I received an email a couple weeks ago asking to share my thoughts on recording. When is a track done? How important are the “sprinkles?” If you can’t perform them live, are they worth having at all?
If brevity's your thing: 1.) it's subjective 2.) potentially very 3.) absolutely, unless they're not.
For the more stalwart...
This is a great question and invites a wide range of answers. Personally, I’ve run the gamut of recording experience - everything from one-take wondering and the attendant euphoria to folding in on myself after take nine hundred and eight, tear-soaked lyric sheet crumbled into neurotic origami.
Keep in mind I'm an ignoramus, but here's an in-studio check list that works for me, ie it’s short.
- Build an arrangement you can perform live. If playing together off the floor sounds good, it’ll 100% work on record, and overdubs are a blast because you already have something awesome and can pare back if things get too “Bohemian Rhapsody.” Ideally, the tune holds up just acoustic guitar and vocal - then you really know you’re onto something. If you're needing tracks to pull off a compelling live show, the songs aren’t ready yet. Stevie Wonder doesn't need that shit, and neither do you.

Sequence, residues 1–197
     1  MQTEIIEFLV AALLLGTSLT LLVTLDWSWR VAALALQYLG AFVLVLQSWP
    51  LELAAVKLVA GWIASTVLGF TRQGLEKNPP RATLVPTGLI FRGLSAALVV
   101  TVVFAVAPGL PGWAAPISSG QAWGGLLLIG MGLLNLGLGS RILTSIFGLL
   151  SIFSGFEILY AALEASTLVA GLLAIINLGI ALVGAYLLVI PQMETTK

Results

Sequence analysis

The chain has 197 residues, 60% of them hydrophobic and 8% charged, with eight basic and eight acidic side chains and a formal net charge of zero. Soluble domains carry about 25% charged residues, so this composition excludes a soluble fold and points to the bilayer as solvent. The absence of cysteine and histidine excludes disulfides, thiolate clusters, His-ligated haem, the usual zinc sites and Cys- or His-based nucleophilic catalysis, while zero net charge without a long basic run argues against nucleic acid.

- Every part should sound like it belongs in the band. I’m all about a string quartet and flute solo, but if the core instruments are playing unique and complimentary parts the result's usually plenty huge. We pay close attention to this in the Allen Stone camp. If Swatty’s playing a percussive clav part, for example, I’m not going to whacka-whacka along with him. Maybe one of my blatantly plagiarized Andy Summers shimmery minor 11 chords will work, and if it doesn’t goddammit I’m forcing it in there anyway. Fall back on rule one if you're feeling overwhelmed. Also, consider Miles Davis's advice on soloing: if the band's playing fast, you play slow. If they're playing slow, you play fast.
- Give less of a rat's ass. The studio and stage are very different worlds and should be treated as such. Have fun! Everything does, in fact, need more cowbell. If you go too Phil Spector (minus the manslaughter, ideally), that’s ok - following rule one means you’ll deliver where it matters most: on stage. Allow yourself to be imperfect and learn as you go. Personally, I enjoy cringing a little listening back to records I’ve worked on - it means I’m growing as an artist and had the guts to put myself out there, which is the most important thing.
I told you it was a short list. Make your record and share your art. I can’t wait to hear it.